SBC Reports 3Q Earnings Decline - InformationWeek

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SBC Reports 3Q Earnings Decline

It blamed the 29% drop on the loss of customers to rivals who are allowed to lease its local phone lines.

SAN ANTONIO (AP) -- SBC Communications Inc. on Tuesday reported a 29 percent drop in third-quarter earnings, blaming the disappointing results on the loss of more customers to rivals who are allowed by regulators to lease SBC's local phone lines.

But San Antonio-based SBC also said last week's regulatory approvals allowing the company to sell long distance in more states have opened the door to good growth opportunities. The company also plans to accelerate job cuts in the coming quarters to further reduce operating costs.

SBC, the nation's No. 2 local-phone company, had income of $1.22 billion in the three months ended Sept. 30, down from $1.71 billion in the same period a year earlier.

The profit worked out to 37 cents per share, compared with 51 cents in the third quarter of 2002.

The per-share earnings fell short of analyst forecasts of about 39 cents, according to a survey by Thomson First Call.

Revenue for the most recent quarter totaled $10.24 billion, compared with $10.56 billion in the year-ago period. The revenue figures do not include proportionate results from Cingular Wireless, a mobile phone partnership with BellSouth that is 60 percent owned by SBC.

SBC said it continued to lose local phone customers, but made up some of those losses by building up its high-speed Internet and long-distance subscriber bases.

Randall Stephenson, chief financial officer, said during a conference call with analysts that SBC has eliminated about 4,600 jobs in its non-sales divisions this year, while boosting its sales force by about 1,200.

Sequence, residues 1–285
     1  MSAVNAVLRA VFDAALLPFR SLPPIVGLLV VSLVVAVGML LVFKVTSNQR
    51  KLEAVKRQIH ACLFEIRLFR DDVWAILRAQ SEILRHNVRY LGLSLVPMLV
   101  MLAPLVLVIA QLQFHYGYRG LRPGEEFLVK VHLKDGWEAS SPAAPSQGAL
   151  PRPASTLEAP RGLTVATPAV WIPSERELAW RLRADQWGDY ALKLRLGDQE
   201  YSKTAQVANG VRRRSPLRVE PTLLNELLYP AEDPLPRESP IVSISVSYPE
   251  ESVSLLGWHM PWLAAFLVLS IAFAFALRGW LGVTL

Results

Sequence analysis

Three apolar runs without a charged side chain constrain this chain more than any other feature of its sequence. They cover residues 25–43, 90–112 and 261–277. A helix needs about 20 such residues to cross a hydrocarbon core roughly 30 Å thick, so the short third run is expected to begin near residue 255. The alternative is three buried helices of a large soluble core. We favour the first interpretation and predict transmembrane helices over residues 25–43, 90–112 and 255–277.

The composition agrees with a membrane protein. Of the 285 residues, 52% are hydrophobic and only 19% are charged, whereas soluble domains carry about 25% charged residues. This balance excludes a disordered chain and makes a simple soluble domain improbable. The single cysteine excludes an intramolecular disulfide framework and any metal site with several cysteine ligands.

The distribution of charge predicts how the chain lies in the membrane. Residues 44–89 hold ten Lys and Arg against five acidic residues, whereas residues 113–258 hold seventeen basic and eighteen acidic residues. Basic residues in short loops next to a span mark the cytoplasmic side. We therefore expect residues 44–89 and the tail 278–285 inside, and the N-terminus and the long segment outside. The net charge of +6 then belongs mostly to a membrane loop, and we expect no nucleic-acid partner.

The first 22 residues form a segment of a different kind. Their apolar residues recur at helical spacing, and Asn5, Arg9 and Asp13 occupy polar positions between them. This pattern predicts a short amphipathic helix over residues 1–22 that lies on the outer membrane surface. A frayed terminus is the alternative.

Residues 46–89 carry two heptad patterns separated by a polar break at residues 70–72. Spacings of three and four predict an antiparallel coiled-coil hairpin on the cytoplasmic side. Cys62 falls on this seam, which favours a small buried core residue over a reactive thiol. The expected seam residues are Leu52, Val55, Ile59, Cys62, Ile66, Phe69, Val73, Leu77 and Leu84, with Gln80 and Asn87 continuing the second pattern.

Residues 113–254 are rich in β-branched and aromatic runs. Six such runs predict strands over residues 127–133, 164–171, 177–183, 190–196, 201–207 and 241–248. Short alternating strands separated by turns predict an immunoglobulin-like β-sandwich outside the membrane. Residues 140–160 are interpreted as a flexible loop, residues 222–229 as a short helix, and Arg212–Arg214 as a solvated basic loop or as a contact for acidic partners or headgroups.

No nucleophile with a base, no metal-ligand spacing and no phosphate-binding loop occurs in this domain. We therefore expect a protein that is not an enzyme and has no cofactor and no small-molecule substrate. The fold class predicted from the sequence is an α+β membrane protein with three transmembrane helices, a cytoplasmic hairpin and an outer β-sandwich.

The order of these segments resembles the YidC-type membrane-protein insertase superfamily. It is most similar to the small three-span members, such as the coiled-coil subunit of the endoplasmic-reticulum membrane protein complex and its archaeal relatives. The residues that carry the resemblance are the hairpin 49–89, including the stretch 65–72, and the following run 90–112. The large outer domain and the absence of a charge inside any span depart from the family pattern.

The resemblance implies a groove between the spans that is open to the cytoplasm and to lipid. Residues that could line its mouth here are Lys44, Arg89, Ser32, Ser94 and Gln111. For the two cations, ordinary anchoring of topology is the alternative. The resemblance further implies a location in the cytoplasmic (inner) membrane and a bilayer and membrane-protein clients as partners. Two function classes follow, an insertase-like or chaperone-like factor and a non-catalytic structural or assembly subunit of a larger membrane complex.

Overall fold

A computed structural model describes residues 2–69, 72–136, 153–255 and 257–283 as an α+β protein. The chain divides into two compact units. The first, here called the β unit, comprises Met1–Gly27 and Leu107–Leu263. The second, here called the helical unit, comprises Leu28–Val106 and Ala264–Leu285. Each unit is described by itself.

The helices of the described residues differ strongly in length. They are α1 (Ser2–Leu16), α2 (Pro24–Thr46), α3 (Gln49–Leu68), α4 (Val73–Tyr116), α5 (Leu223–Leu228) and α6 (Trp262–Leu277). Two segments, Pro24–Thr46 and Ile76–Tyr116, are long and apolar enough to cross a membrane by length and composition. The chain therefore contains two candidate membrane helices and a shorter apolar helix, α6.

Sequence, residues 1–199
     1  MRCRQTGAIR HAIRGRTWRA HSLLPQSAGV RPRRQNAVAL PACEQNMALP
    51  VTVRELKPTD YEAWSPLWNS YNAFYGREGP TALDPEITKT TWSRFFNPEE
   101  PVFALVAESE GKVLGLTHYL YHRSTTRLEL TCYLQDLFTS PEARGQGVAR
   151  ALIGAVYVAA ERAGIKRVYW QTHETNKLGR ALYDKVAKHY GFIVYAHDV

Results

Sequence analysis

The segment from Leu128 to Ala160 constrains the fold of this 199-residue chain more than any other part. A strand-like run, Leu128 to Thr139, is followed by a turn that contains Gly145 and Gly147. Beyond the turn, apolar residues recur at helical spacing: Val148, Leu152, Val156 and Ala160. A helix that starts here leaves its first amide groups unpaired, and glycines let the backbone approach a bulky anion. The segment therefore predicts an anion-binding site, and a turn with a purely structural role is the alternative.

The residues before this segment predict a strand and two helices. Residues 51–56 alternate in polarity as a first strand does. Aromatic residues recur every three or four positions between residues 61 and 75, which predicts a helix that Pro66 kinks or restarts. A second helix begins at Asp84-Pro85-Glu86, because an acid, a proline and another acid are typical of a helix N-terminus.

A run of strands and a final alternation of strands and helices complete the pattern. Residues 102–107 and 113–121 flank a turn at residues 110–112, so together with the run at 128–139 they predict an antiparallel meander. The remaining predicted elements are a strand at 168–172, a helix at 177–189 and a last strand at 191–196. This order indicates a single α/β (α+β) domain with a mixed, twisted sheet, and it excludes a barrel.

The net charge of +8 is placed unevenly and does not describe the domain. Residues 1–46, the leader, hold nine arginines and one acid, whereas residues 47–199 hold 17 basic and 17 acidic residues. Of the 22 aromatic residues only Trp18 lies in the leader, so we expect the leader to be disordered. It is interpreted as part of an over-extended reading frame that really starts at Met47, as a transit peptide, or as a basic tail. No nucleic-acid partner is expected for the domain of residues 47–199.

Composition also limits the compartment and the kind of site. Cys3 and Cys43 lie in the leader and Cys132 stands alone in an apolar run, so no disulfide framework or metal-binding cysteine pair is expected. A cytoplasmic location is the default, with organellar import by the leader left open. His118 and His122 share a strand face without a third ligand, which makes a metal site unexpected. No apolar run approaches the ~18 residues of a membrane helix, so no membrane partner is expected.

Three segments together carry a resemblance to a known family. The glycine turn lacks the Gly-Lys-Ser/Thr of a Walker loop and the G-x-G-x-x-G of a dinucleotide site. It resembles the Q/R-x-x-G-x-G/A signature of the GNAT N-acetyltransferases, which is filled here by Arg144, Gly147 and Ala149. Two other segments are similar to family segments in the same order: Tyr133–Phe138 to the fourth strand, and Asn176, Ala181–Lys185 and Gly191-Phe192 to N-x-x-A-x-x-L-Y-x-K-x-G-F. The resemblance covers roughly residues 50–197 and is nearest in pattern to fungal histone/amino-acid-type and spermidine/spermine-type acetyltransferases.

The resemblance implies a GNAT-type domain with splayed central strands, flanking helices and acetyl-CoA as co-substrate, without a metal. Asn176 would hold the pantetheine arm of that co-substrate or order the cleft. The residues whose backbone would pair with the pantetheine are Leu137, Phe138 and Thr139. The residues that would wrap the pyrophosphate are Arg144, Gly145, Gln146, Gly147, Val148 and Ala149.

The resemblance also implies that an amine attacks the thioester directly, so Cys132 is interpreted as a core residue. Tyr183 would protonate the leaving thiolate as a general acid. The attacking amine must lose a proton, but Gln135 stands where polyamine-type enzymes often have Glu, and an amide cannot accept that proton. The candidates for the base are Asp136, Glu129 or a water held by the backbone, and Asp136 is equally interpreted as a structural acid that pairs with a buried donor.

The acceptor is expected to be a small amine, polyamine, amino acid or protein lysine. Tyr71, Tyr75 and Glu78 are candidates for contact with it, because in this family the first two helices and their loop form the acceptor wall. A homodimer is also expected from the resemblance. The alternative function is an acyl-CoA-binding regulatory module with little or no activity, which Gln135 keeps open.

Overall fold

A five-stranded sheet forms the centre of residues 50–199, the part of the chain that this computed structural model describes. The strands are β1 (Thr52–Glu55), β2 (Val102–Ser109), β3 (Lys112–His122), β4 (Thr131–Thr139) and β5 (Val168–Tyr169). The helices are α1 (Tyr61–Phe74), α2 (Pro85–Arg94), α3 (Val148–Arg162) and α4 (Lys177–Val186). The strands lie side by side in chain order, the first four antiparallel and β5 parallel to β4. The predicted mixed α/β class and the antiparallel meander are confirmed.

He said the job losses have mostly come through attrition, and that SBC plans to accelerate those reductions in the fourth quarter and into 2004. Since late 2001, SBC has cut some 20,000 positions, more than 15 percent of its employee force.

SBC reported adding 1.7 million long-distance customers in the quarter and 365,000 customers for high-speed DSL Internet service.

In addition, Cingular added 745,000 subscribers in the period, up 38 percent from the second quarter of 2003, the company said.

On the New York Stock Exchange, SBC shares were down 40 cents to close at $22.00.

SBC said its clearance to begin selling long-distance service in Illinois, Ohio, Indiana, and Wisconsin will enable it to compete more effectively against rivals such as AT&T and MCI, which already offer both local and long-distance service in those states.

Although SBC remains the predominant local-service company in the Midwest, the company has suffered sizable losses among customers who prefer to buy bundled services from a single phone carrier.

Stephenson said the approvals would enhance SBC's efforts to sell local and long distance with wireless and DSL broadband services like it already does in other states.

"Where we have long distance, growth is stronger," he said.

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